Alternatively, you can press the Run button in the Jupyter toolbar as shown in the screenshot below:

You should see the size of the image captured by AWS DeepLens similar to the following text:

(1520, 2688, 3)

The three numbers show the height, width, and number of color channels (red, green, blue) of the image.

  1. To view the image, enter the following code in the next code cell:
%matplotlib inline
from matplotlib import pyplot as plt
plt.imshow(frame)
plt.show()

You should see an image similar to the following screenshot:

Detecting people and poses

Now that you have an image, you can use GluonCV pre-trained models to detect people and poses. For more information, see Predict with pre-trained Simple Pose Estimation models from the GluonCV model zoo.

  1. In a new code cell, enter the following code to import the necessary dependencies:
import mxnet as mx
from gluoncv import model_zoo, data, utils
from gluoncv.data.transforms.pose import detector_to_simple_pose, heatmap_to_coord
  1. You load two pre-trained models, one to detect people (yolo3_mobilenet1.0_coco) in the frame and one to detect the pose (simple_pose_resnet18_v1b) for each person detected. To load the pre-trained models, enter the following code in a new code cell:
people_detector = model_zoo.get_model('yolo3_mobilenet1.0_coco', pretrained=True)
pose_detector = model_zoo.get_model('simple_pose_resnet18_v1b', pretrained=True)
  1. Because the yolo_mobilenet1.0_coco pre-trained model is trained to detect many types of objects in addition to people, the code below narrows down the detection criteria to just people so that the model runs faster. For more information about the other types of objects that the model can predict, see the GluonCV MSCoco Detection source code.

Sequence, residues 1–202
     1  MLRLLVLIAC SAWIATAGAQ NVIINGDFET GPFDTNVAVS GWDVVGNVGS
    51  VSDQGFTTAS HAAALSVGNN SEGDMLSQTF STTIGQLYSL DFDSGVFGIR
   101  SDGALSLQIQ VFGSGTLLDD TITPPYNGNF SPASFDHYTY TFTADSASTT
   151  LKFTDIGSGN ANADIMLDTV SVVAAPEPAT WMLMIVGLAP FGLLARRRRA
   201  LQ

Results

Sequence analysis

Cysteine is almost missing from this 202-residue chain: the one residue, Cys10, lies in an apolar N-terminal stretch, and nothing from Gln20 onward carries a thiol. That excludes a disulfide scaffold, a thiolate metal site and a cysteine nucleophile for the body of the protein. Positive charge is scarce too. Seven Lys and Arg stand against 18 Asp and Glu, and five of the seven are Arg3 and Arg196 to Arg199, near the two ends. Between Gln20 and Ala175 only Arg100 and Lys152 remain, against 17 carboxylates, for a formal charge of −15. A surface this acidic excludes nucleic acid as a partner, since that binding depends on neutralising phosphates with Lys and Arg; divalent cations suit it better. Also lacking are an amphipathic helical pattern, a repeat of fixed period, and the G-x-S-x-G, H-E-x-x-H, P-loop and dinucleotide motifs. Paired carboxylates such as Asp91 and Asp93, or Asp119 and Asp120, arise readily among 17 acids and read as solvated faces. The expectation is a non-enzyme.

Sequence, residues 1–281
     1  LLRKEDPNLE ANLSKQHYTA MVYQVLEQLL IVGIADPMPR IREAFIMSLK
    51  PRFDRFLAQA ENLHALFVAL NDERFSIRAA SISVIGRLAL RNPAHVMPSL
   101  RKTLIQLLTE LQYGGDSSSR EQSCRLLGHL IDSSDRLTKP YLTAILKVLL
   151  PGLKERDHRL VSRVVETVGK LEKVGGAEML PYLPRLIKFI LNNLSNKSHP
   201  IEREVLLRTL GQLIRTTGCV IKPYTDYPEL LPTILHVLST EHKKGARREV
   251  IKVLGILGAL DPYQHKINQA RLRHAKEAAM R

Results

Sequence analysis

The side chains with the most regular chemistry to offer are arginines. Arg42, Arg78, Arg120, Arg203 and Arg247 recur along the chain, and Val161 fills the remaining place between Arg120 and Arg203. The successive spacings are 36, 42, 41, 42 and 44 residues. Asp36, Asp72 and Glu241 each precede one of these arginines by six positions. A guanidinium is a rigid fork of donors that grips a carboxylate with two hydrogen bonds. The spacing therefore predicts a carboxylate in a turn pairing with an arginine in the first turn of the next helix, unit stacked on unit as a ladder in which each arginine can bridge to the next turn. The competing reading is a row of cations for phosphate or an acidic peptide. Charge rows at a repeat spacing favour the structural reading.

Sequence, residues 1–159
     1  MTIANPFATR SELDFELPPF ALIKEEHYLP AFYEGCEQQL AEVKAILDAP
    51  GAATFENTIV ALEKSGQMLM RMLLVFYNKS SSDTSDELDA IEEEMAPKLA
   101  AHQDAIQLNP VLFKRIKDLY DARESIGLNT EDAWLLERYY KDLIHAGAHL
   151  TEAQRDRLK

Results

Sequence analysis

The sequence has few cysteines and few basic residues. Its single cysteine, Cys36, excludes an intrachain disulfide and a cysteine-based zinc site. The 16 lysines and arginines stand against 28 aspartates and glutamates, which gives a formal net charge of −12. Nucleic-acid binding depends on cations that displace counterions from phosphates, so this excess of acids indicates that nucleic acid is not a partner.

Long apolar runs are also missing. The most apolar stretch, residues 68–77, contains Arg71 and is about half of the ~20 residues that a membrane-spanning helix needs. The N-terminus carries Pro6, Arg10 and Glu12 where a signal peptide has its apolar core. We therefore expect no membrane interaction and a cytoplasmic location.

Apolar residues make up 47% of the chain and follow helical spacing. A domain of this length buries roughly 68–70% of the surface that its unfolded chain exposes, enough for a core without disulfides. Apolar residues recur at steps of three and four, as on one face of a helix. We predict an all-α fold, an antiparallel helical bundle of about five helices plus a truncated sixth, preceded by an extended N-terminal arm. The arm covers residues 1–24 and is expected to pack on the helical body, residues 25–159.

people_detector.reset_class(["person"], reuse_weights=['person'])
  1. The following code shows how to use the people detector to detect people in the frame. The outputs of the people detector are the class_IDs (just “person” in this use case because we’ve limited the model’s search scope), the confidence scores, and a bounding box around each person detected in the frame.
img = mx.nd.array(frame)
x, img = data.transforms.presets.ssd.transform_test(img, short=256)
class_IDs, scores, bounding_boxs = people_detector(x)
  1. Enter the following code to feed the results from the people detector into the pose detector for each person found. Normally you need to use the bounding boxes to crop out each person found in the frame by the people detector, then resize each cropped person image into appropriately sized inputs for the pose detector. Fortunately GluonCV comes with adetector_to_simple_pose function that takes care of cropping and resizing for you.
pose_input, upscale_bbox = detector_to_simple_pose(img, class_IDs, scores, bounding_boxs)

predicted_heatmap = pose_detector(pose_input)
pred_coords, confidence = heatmap_to_coord(predicted_heatmap, upscale_bbox)
  1. The following code overlays the results of the pose detector onto the original image so you can visualize the result:
ax = utils.viz.plot_keypoints(img, pred_coords, confidence,
                              class_IDs, bounding_boxs,scores, box_thresh=0.5, keypoint_thresh=0.2)
plt.show(ax)

After completing steps 1-6, you should see an image similar to the following screenshot.

If you get an error similar to the ValueError output below, make sure you have at least one person in the camera’s view.

ValueError: In HybridBlock, there must be one NDArray or one Symbol in the input. Please check the type of the args

So far, you experimented with a pose detector on AWS DeepLens using Jupyter notebooks. You can now collect some data to figure out how to detect when someone is hunching, sitting, or standing. To collect data, you can save the image frame from the camera out to disk using the built-in OpenCV module. See the following code:

cv2.imwrite('output.jpg', frame)